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City mayors could start constitutional overhaul

By Richard Johnstone | 27 April 2012

City mayors in England could take the first steps towards a new constitutional relationship between Whitehall and town halls, Public Finance has been told.

Liverpool will be electing a city mayor on May 3 Photo: Shutterstock
Colin Copus, director of the Local Governance Research Unit at De Montfort University in Leicester, said that if proposals for ten directly elected city mayors are approved on May 3 they could ‘get the ball rolling’ for increased powers in local government.

Copus was a member of the Warwick Commission on Elected Mayors and City Leadership, which reported in April on what the powers of the proposed city mayors should be.

Their responsibilities have not been set out in advance of the local referendums. Instead, once elected, each mayor will bid for powers from the Department for Communities and Local Government.

Copus also authored the draft code for central and local government that is at the centre of a campaign that aims to confirm in statute the functions, roles and duties of councils for the first time.

He told PF that the negotiations on the mayoral roles could include the changes proposed in the code.

Discussions are set to begin once the mayors for Liverpool and Salford – which have moved ahead of the wider national plan – are elected. Others will start when the post holders are elected on November 15, if the cities back the mayoral system.

‘Elected mayors that have discussions with the code in their back pocket may get enhanced freedoms from their council, and get the ball rolling for freedoms across local government,’ Copus said.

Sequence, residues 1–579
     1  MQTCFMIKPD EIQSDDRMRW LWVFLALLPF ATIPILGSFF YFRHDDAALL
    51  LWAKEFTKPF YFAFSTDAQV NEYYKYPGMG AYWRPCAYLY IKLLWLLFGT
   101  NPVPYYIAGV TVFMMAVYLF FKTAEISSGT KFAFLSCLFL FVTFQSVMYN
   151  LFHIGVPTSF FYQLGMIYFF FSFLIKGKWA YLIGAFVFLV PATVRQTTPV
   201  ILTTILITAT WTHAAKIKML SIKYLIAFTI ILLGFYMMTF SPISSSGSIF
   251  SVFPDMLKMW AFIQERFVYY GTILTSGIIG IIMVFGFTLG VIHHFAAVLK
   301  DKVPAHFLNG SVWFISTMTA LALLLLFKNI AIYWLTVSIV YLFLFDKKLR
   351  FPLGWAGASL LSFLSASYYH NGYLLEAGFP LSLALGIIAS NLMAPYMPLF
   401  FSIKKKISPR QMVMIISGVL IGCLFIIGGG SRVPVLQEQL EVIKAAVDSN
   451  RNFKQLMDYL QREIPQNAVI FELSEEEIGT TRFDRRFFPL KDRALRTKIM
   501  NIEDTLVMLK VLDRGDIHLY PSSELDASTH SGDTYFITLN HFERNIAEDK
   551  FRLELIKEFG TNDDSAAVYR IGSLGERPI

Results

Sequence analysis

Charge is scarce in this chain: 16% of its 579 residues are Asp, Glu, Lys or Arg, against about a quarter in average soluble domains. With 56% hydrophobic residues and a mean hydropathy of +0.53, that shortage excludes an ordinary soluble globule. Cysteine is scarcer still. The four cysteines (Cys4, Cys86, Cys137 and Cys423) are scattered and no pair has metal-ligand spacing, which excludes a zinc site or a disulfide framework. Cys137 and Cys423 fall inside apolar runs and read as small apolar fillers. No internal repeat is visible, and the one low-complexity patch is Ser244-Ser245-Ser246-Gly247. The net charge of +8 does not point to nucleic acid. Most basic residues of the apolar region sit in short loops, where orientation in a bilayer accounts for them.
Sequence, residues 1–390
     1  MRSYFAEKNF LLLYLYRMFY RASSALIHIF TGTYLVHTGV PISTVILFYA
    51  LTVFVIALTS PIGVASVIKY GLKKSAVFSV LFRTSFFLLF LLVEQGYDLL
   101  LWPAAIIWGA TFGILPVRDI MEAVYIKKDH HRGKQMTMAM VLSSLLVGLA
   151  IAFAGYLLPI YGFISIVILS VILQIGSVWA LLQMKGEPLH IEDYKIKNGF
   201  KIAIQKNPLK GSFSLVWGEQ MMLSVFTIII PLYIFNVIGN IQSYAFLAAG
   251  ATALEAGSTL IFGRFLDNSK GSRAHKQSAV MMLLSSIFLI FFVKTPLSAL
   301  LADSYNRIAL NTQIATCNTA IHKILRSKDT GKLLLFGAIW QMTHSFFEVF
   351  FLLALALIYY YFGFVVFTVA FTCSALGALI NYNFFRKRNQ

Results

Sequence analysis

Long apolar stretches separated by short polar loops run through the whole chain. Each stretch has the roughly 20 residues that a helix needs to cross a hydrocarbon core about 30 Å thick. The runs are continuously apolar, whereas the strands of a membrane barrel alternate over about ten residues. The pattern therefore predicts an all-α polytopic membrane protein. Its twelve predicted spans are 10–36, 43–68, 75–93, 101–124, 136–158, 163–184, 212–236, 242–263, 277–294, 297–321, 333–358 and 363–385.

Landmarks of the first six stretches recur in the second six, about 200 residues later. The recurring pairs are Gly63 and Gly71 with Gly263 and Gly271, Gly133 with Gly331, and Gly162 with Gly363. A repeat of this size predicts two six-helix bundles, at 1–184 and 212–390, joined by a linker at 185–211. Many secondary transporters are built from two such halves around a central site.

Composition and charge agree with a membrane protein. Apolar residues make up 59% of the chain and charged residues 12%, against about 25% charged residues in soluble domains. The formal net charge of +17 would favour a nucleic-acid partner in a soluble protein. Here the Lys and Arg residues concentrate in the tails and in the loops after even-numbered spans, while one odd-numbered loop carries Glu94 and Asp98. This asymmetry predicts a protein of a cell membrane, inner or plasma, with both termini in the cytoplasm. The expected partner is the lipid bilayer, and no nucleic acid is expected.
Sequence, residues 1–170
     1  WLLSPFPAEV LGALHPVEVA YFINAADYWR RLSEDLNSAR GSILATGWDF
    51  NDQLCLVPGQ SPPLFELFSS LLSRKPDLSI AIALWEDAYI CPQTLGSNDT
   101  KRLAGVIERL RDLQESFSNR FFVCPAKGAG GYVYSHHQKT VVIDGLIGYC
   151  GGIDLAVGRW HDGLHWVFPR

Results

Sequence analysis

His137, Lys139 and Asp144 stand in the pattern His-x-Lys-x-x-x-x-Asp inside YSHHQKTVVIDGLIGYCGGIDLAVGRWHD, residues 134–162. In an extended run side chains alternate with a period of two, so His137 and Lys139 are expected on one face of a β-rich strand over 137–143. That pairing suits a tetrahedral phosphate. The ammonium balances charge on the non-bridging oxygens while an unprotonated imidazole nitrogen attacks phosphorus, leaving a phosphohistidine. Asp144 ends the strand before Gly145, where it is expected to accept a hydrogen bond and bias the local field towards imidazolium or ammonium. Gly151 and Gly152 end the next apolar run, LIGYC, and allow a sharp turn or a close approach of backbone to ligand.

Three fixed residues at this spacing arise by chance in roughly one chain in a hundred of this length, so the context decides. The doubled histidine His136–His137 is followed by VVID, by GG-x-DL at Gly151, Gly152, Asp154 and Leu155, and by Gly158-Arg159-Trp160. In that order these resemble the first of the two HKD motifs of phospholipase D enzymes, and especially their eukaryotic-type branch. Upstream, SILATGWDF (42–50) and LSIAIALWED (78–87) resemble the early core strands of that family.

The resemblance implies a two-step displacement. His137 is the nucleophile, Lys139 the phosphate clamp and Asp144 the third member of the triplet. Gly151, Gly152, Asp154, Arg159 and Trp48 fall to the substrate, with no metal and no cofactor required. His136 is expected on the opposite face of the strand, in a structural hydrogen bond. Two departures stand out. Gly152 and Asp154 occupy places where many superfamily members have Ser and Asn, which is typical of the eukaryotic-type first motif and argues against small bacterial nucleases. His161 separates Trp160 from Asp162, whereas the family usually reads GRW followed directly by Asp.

Although he added that ‘local government doesn’t stand or fall on elected mayors’ and that the ‘intention of the code is that this covers every council’, cities could bid for some of its provisions. This may include taking over boundary reorganisation from Whitehall, for example.

‘The idea of elected mayors being slightly ahead of the game and saying, “We would like some of this,” does two things,’ Copus said. ‘One, it enhances the role of mayors and two, it could show that parts of this code can be accepted by government.’

Alexandra Jones, chief executive of the Centre for Cities think-tank and another member of the commission, agreed that the posts could lead to wider reforms.

There’s ‘a good deal up for grabs’ when the negotiations over powers begin, she told PF.

The mayoral system could signal ‘one of the biggest changes in local government in decades’, Jones added.

The English cities holding referendums on May 3 are: Birmingham, Bradford, Bristol, Coventry, Leeds, Manchester, Newcastle, Nottingham, Sheffield and Wakefield.

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I recognise that there's a lot of talking up 'additional powers for Mayors' at the monent. However, let me draw your attention to the response David Cameron gave to Clive Betts recently:

Clive Betts asked David Cameron at the House of Commons Liaison Committee to confirm that cities which don't vote for Mayors will have the same access to additional powers as cities which do vote for a Mayor.

David Cameron responded:
[Although I am strongly supporting the view that cities should have a directly elected Mayor] I can absolutely assure you that the City Deals we are doing……… [any additional powers] will apply, whether or not they have a Mayor.”
House of Commons Liaison Committee, 06 March 2012
Watch at, after 53 minutes:

Howard Knight (28/04/2012 01:31:41)

What role for elected councillors remains? At first glance it looks like there is not much point in having them!

Netta Glover (28/04/2012 14:19:11)